Imagine waking up, getting ready for class, leaving your home and seeing the letters S-L-U-T written all over your car. In Chelsea Pitcher’s story in “The S-Word,” this is a reality for a 17-year-old girl.
Picking up Meg Wolitzer’s “The Interestings” and trying to read the book between projects is a mistake. After getting past a plot set-up that takes a while to get off the ground, there is no going back.
In Bethany Wiggins’ newest novel “Stung” the bees are disappearing and crops are dying. To help, the government has been breeding bees in labs to help save the population. Unfortunately, children stung by these super bees die. If they get vaccinated against the stings they end up turning to violent, killer beasts. Sounds like a good time right?
With a title like “The Teleportation Accident” you expect to hear about the sci-fi adventures of a nerdy, awkward pre-teen. Instead, Ned Beauman’s novel takes readers back to a vague historical reference to the 1930s to follow the misadventures of Egon Loeser in his passionate attempt to get laid during Hitler’s rise to power.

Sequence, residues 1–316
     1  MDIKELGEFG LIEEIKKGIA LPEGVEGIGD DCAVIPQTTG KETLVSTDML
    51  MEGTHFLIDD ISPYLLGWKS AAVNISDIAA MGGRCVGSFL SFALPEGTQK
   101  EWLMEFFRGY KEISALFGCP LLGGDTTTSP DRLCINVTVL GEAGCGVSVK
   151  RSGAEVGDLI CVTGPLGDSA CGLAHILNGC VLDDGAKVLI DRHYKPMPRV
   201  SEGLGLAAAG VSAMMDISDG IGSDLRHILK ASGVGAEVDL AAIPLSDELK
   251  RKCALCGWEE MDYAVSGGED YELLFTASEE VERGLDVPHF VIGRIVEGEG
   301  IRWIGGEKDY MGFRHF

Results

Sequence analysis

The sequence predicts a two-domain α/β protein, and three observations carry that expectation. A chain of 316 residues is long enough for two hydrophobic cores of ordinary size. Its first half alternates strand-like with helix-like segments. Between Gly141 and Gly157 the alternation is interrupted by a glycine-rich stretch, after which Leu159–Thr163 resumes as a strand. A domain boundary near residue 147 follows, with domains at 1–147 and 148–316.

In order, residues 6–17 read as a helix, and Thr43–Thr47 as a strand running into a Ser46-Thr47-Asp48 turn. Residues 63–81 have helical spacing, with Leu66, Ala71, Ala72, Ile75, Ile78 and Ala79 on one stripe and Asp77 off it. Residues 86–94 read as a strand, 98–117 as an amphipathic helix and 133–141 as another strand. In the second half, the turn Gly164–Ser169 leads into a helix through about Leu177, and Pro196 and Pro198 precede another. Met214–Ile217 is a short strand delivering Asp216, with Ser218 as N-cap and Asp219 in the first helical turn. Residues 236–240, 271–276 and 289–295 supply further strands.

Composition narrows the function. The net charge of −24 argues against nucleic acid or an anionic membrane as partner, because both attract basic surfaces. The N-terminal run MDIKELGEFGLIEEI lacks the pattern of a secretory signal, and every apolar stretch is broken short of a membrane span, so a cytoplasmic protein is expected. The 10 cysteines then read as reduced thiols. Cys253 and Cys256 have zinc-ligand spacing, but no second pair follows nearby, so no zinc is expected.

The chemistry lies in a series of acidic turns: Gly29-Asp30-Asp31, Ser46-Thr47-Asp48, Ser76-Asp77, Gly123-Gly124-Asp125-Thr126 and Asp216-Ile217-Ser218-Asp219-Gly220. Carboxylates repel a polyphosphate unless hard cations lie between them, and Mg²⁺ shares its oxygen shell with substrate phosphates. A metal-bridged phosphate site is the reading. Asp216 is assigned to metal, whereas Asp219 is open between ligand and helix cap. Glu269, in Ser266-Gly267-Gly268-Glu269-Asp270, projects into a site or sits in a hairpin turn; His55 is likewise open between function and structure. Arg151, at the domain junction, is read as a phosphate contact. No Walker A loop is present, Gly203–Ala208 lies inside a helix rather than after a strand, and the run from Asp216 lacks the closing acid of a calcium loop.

Empowerment comedian Ernesto Gritzewsky, known as Ernie G, sat amid his audience of roughly 70 before his performance – to have intimate conversations and get to know them – Tuesday in Sara and Michael Abraham Campus Center with at least 70 attendees.
The University of La Verne hosted its annual Kristallnacht Remembrance Lecture featuring author Steven Wasserman speaking about his book, “Grasping at Straws: Letters from the Holocaust,” Sunday in the Campus Center Ballroom.